You may find that after a period of time that your needle felted piece has gotten a bit grubby and you need to think about cleaning it. The natural choice is of course to wash it but whether you can do this successfully or not or even whether you should, does vary a great deal depending on several factors.
Yes, you can wash your needle felting sculptures and other items. However, there are some issues to think about before you decide to do that as you may find that there is a possibility that you damage your felted piece. Below I’ve gone over when to wash your piece and when not to wash it and why. And also why wool shrinks after it’s come off of sheep and yet does not while on the sheep.
Personally, I would only do this if it was an absolute dire emergency especially on a piece that I loved. However, it’s always best to know when to and when not to and how to do something so I looked into it’s so that I could.
Can You Wash Needle Felting? If So How Or Even Should You?
This is a question I had to find the answer to as I have an issue with damp mould which absolutely loves to attach itself to anything natural. Argh, it gets everywhere. So, all my teddy bears smell and even though I am careful about the storage of my felting wool it does attach to it, and of course, finished pieces are out in the open so they are coated too.
In addition, things out on display will collect normal dust as well.
My initial reaction would be to say no you can’t wash needle felted items because when you use the same wool for wet felting or a jumper it shrinks quite a lot so I decided I needed to look into this and these are my findings. But was I right?
No. Here is why.
Why Doesn’t Wool Shrink On Sheep and Why Does it Now?
Wool doesn’t shrink when it’s on sheep. So why is this? I have to admit I’d never really thought about it before. Why we end up with tiny jumpers and the sheep are fine? I believed it was to do with the fact that when the wool is on the sheep the wool is oily.
As it turns out I was right about this the oily substance is called lanolin which is why sheep are mostly waterproof when they’re outside and it’s raining hard. It covers their coat and gives them some protection against the water.
When it is on the sheep the wool has barbs but the barbs all face in the same direction. As you will see you in a minute there are some differences between what happens on the sheep and when you get your wool and it is these differences but can cause us issues and make us understand when it is possible and not possible to wash your wool and why it shrinks.
When you’re using wool to wet felt what you do is to use warm soapy water and a lot of friction this joins the fibres of the wool together and it shrinks the wool down by at least 40% or so.
When you want to wash your wool or your wool needle felted item if you wash it in a similar way to the way that you felt i.e. in the washing machine with warm soapy water and a lot of friction then your wool will shrink regardless of whether it’s a jumper or a needle felted object.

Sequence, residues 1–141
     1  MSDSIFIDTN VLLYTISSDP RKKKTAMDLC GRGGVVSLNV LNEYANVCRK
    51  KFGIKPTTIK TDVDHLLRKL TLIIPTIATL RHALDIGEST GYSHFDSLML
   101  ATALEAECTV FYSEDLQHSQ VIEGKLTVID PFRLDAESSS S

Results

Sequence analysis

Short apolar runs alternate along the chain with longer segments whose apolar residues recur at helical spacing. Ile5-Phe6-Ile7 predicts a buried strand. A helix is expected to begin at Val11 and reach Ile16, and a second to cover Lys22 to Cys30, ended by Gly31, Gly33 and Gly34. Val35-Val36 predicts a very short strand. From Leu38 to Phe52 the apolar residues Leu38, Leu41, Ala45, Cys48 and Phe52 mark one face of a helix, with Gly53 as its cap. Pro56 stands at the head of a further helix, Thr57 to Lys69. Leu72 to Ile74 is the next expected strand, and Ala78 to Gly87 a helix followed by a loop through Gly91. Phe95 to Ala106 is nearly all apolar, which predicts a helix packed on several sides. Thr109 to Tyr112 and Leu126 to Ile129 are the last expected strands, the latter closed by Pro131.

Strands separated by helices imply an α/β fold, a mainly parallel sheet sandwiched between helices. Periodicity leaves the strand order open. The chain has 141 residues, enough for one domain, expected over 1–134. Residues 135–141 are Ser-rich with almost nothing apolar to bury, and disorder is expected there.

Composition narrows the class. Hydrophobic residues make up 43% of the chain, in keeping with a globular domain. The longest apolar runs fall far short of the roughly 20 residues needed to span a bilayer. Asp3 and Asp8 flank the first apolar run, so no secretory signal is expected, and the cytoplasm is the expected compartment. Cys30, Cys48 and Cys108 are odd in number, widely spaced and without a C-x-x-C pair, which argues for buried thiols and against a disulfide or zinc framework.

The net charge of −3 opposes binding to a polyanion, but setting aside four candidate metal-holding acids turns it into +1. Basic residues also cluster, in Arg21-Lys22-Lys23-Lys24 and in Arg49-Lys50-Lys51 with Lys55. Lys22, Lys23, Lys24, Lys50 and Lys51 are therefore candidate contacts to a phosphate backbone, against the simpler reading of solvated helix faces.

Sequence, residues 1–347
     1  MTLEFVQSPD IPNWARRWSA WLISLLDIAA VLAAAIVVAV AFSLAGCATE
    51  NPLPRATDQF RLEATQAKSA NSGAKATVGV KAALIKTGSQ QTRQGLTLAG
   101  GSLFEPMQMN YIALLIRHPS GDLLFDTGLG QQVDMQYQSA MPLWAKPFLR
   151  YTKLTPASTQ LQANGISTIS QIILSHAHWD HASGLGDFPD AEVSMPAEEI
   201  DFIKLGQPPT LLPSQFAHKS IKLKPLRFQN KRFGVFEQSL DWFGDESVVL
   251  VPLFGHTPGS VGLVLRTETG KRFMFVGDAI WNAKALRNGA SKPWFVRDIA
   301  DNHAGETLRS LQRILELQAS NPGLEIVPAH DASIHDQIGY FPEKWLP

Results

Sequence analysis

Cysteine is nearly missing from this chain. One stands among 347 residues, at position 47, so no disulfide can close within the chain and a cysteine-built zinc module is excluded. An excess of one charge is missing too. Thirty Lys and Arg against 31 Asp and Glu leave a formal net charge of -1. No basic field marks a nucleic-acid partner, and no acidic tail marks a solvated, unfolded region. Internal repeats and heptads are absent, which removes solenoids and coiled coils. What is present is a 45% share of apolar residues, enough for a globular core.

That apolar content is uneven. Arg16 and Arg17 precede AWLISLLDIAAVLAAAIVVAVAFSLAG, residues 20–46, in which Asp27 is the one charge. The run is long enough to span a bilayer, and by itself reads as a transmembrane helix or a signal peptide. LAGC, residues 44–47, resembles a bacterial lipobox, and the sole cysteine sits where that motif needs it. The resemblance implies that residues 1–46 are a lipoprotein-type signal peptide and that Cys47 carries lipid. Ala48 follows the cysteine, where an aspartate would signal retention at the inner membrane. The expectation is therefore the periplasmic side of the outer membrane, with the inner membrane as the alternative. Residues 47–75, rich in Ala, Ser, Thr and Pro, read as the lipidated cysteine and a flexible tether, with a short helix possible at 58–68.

How to Successfully Wash Your Needle Felted Item
To successfully wash your needle felted items you’ll need to remove the factors that cause your wool to shrink so you need to remove the heat and motion and soap. Obviously, you cannot remove the water part.
So if you wash your item gently with cool water and you do not add any friction your items should be fine.
However, this may not be the best solution as washing your piece may not, in fact, remove the dust and only make matters worse.
Remember also that you do have to dry the item so it might be best to make sure that you don’t wet your item too much because the inside could take a long time to dry further damaging your item.
It’s best to leave your item to dry as naturally as possible. Ideally, it would be a good idea not to wash your item when the weather is such that it would not dry easily. Also, do not dry in the sunlight as this will fade it.
Are There Any Exceptions to This?
Yes, there are a few exceptions to this. If you’ve got a needle felting item there is a very good chance that it won’t be purely solid needle felting. For example, if you’ve got a cat felted piece this may have longer fur or whiskers. Or if you’ve got a gnome, for example, they will have a beard or wispy bits or you may have left your item fuzzy.
If your item has these that you’re going to be in trouble when you’re trying to wash it because it will felt and ruin the piece of work. If you have an item like this then you need to ideally not wash it or if you must, avoid these parts otherwise you will ruin your item.
What About Coloured Dyed Needle Felted Items?
Quite often when you’re needle felting the wool that you’re using will have been artificially dyed and coloured.
If this is the case you may find that the dye hasn’t set properly and it might bleed in which case this could damage your item while washing it.
So to Recap
To decide if you want to wash your item see if it’s got any loose bit if it has don’t try it.
First, see if you can find an alternative to washing your item
If you’re washing your item make sure you do it gently with cold water and no agitation.
If your item is brightly coloured dyed or a natural dye check to see if washing it will make the day run.
I hope this helps and that you enjoy your pieces for a long time to come. The best thing of course to do is to make sure that you protect your items as much as possible so that you don’t need to wash them in the first place. You can do this by placing them in a protective glass casing. This also protects them against moth attacks.